Why that name

Just a quick note - I chose this title for my blog because if any of you have tried to actually go up the down escalator it is a lot of work. When my son Simon was born, I was figuratively transported to the basement. I was struggling to find out what this meant for our family, and our future. I began a journey on that day, to go up the down escalator. I know it will always be a lot of work to keep going up, but that is what I have to do now to stay out of the basement. Simon has Down Syndrome, but I am choosing every day to make life normal for him and to help us get back to the ground floor. Anytime I forget the joy and stop moving forward, I find myself rapidly descending into the basement again. Thankfully I also have an emergency stop button. He is my Creator and my Father. The One who brings the despair to a standstill when I call on Him. He is my Rock and Refuge. The One I can run to when no one else understands. It may sound cliche, but it's true, I couldn't do any of this without God. He is the reason that some days I can still smile when things are ridiculous inside. That is why the name.

Tuesday, April 5, 2011

So about the ambulance...

So going back to last year.  Sometime around now was Easter.  Andrew and the kids and I decided to make the trek out to Winnipegosis to introduce Simon to the locals.  He had of course met my parents and his uncle and a few other people that had met him in the city and Brandon, but he hadn't met some other significant family members.  We figured that since I wasn't working, and my mom and dad were moving in the summer, it would be a good idea to spend the week following Easter at the homestead helping with what packing and sorting I could in between tube feedings and taking care of the kids. 

Simon had done really well over Easter, and since we had been to a feeding appointment recently I had been given some new liberty in the food department.  The idea was to challenge him and try to omit some tube feedings to see if he would make it up with real food.

So the thing that some of you may or may not know about me is that I am a bit of a control freak.  This problem increased exponentially when Simon was born.  There was so much more to this baby than just feeding, burping and changing.  I had to keep track of fluid intake to make sure that he didn't get dehydrated.  I had a day planner that I wrote all of these intakes in.  I had medicine measuring cups that I measured his food into so I could tabulate his score.  We were definitely not low maintenance.  Making the trip to Mom and Dad's took a lot of planning and we brought along a lot of extra items "just in case."  You know the standard - spare feeding tube (or 4), stethoscope, feeding bag, syringes, food, bottles, special feeding cup and spoon, breast milk, pump and equipment, and then regular things like diapers and clothes.  We kind of took over the house. 

About the challenge.  If he ate enough at a meal, or three, then we could take out the tube and let him have a break for a day.  We would see how that would go, and then put it back in when he needed it.  Well, he did really well on Good Friday and Saturday, but the thing was, he was so stuffed that he threw up.  It was kind of pathetic the way he did it though.  He just kept eating, and we kept distracting him to try to get more food into him.  Finally, when he could take it no longer he kind of gave me a look.  It was almost a sympathetic, "I know what you are trying to do Mom, but I just can't... "  Barf.  He was really good through it all though.  We kept the tube out for Saturday and he got to go to Easter Sunday without a tube up his nose that had prunes and meat all over the tape that kept it in place.  I could pretend for just a little while that Simon was more like a normal baby.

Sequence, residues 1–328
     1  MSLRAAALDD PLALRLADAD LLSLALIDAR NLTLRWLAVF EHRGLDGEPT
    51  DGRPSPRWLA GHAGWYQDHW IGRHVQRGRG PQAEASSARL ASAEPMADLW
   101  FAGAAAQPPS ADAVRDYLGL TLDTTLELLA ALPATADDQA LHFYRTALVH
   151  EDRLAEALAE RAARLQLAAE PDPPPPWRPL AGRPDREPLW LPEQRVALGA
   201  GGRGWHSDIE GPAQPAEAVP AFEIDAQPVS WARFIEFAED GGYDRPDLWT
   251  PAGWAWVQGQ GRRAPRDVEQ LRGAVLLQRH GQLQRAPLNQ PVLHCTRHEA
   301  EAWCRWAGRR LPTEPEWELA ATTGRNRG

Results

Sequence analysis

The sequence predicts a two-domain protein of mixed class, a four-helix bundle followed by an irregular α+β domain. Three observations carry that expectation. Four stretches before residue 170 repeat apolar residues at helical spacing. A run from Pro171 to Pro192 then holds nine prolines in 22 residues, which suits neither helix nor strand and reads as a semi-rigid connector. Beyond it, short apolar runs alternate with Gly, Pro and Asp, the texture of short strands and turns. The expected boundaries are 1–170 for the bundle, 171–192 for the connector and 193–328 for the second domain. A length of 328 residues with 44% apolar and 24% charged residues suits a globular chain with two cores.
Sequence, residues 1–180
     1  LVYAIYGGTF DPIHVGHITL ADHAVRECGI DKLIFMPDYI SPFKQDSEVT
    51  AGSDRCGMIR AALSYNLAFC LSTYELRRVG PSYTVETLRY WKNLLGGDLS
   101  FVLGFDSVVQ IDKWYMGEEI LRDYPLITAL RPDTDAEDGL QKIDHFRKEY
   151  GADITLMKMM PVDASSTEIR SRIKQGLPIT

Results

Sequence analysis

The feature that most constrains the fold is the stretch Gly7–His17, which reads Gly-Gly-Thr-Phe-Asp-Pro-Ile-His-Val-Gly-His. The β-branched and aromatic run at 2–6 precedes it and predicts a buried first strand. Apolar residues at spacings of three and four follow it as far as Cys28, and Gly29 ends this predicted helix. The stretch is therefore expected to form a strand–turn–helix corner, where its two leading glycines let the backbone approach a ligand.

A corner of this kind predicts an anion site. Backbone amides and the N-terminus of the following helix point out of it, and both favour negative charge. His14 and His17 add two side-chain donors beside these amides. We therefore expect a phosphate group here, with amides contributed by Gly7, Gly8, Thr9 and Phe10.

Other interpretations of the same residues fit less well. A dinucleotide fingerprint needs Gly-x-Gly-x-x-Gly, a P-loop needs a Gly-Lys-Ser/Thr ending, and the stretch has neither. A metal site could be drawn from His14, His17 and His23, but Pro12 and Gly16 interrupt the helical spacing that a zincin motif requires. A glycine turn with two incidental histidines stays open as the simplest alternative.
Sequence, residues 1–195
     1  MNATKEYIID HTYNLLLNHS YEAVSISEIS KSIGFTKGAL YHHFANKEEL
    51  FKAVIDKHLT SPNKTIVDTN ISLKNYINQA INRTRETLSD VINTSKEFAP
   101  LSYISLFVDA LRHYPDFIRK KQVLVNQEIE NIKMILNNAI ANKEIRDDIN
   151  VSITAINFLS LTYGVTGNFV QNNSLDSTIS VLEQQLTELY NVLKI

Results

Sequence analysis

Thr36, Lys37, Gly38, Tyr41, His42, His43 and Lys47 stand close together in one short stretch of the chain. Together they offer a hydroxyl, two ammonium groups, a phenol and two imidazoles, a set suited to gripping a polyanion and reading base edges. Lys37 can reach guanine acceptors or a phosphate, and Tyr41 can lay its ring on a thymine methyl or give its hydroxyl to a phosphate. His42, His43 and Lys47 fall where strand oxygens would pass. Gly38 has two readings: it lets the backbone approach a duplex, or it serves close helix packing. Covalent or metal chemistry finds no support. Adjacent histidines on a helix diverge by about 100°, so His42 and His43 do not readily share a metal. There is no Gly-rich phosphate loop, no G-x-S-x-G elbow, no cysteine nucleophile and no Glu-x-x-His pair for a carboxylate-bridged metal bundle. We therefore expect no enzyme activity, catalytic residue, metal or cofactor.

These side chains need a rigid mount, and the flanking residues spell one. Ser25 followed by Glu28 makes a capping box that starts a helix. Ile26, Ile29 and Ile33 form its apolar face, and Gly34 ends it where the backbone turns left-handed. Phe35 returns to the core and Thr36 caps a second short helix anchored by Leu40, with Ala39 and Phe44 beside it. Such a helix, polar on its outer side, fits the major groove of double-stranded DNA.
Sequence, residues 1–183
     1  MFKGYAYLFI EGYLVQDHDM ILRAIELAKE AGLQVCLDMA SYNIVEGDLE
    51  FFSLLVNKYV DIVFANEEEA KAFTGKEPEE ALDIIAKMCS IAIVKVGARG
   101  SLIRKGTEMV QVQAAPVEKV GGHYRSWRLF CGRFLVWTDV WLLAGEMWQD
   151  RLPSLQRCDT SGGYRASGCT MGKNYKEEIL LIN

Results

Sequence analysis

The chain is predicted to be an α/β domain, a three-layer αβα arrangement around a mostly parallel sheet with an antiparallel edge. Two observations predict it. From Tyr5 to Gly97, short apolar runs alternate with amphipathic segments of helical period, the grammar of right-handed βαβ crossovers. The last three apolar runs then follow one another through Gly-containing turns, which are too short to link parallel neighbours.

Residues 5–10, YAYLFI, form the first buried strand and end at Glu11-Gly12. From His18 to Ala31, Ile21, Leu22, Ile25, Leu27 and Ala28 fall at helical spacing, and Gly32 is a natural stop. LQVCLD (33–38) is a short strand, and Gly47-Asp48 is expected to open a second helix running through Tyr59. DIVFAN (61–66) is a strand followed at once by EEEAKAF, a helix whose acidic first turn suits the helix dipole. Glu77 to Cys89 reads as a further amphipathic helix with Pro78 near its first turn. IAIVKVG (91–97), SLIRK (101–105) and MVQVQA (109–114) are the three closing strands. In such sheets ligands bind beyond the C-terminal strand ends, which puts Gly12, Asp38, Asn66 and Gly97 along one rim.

You can see the difference.  I must put in a little plug for my photographer though.  The bottom picture was taken by my then three year old.  Not bad.

Anyway, sometime during the beginning of the week Simon started to get a bit sick.  It started with a little cough, congestion and then a fever.  I tried all the tricks.  Tylenol, raising the head of his bed, calling our nurse.  You know that it's time to go in when his fever is 104 and holding.  We went in to Dauphin, talked to an intern, who said it was a virus.  If it wasn't better in a couple of days to come back.  So, a couple of days later we rushed back with a very sick little man.  Bilateral aspiration pneumonia. 

Dad had driven me and Simon in, while Elizabeth stayed with Mom at home.  I sure am glad that I brought my pump along.  I was told that the ambulance would be there within the hour to take us to Winnipeg.  Umm.  But, what about my daughter?  She was still on the farm.  How would I get my clothes and everything else that we had brought?  Supper anyone?  I can't have dairy!  Arg. 

So, we made a few calls, Elizabeth stayed with Mom and Dad and Simon and I enjoyed a nice leisurely ride in the back of an ambulance to Winnipeg.  (I don't recommend ambulance travel unless it's the only way.  Not a nice ride.  Roomy enough, but very bumpy. 

We had some fun at children's hospital and came home to Winnipeg a couple of days later.  I sure was glad to get into my own bed again.  By the next Friday we had figured out a way to get Elizabeth back to Winnipeg without making my parents do an extra eight hour drive.  She sure enjoyed the ride with Audrey and Joel.  Thanks for hauling her around! 

So anyway, that is pretty much it for that part.  More to come someday soon.

One last thing, there is something that I would love to have permanently stamped on my baby's bottom:
I am my own person.  I will grow at my own pace.  I will do all things in my own time.  I love you Mom!

On that note, it's time for bed,
sweet dreams,